A common misconception is that clinical trials are a last resort for patients who have no other options. This is not the case, however. There are clinical trials available for nearly every type of cancer and for both early and advanced cancers. Each trial has eligibility requirements depending on myriad factors, including cancer type and stage, previous treatments, and overall medical history, but trials are open to anyone who fits the criteria.
In fact, it is imperative that a diverse group of volunteers participate so that the clinical trial results represent the diverse group of patients who might need the new therapies one day. For example, years of research have shown us that people respond differently to treatments based on personal characteristics like their ethnicity, sex and genetic background, and yet participation is particularly low among certain sociodemographic groups, including black and Hispanic patients and adults aged 65 and older.
Patients are often worried about the costs associated with joining a clinical trial, particularly if they require additional tests or doctor’s visits. It is important to talk to the clinical trial coordinator and to check with your insurance carrier, but most costs related to the trial are covered by the clinical trial sponsor. These include extra visits and special tests, and some travel costs may be covered as well.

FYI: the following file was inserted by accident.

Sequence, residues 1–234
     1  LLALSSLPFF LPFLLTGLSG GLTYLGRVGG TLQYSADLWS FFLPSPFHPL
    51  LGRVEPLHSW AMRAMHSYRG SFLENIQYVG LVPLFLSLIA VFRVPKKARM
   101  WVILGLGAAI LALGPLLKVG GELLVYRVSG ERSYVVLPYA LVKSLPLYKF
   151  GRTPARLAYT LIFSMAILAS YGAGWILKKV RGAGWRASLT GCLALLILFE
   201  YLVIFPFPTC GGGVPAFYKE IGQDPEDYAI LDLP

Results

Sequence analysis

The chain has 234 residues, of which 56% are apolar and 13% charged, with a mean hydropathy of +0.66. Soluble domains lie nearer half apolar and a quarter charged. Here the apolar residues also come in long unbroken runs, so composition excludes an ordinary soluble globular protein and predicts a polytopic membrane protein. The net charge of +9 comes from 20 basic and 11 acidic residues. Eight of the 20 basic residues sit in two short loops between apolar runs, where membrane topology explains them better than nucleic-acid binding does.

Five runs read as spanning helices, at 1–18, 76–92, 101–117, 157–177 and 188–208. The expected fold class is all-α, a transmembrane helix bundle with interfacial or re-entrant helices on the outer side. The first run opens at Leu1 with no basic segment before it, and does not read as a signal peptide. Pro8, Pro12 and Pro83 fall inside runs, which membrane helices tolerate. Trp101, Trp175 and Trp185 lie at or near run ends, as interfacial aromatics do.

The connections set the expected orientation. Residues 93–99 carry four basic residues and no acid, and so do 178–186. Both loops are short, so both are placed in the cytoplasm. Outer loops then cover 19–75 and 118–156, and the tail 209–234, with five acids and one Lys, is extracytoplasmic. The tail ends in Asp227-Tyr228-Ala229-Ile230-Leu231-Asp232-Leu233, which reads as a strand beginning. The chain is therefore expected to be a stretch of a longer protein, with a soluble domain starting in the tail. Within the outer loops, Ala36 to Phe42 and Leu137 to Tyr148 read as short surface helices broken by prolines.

A common concern that patients have is that they could be given a placebo, or inactive medicine, and not receive any treatment. However, placebos are not used alone if an effective treatment exists. Even if you enroll in a clinical trial in which you do not know the treatment you are getting, you will be receiving the current standard of care at the very least.
It is important to note that clinical trials are not just for cancer. All new treatments for any disease must go through clinical trials before the FDA approves them. You can search for available clinical trials for cancer and other diseases through ClinicalTrials.gov, the registry maintained by the National Institutes of Health of all publicly and privately funded clinical studies conducted worldwide.
National Cancer Institute-designated cancer centers, like Sidney Kimmel Cancer Center – Jefferson Health, conduct hundreds of clinical trials. Many community hospitals and physicians in private practice may also participate in clinical trials, often working with an NCI-designated cancer center.
Deciding whether to participate in a clinical trial is an important decision. To learn more, talk to your health care provider. They can identify any clinical trials you might be eligible for and discuss the potential risks and benefits to help you make an informed decision about whether a clinical trial is right for you.
Karen E. Knudsen, Ph.D., enterprise director at the Sidney Kimmel Cancer Center – Jefferson Health, oversees cancer care and cancer research at all SKCC sites in the Greater Philadelphia region. She writes occasionally on topics related to cancer.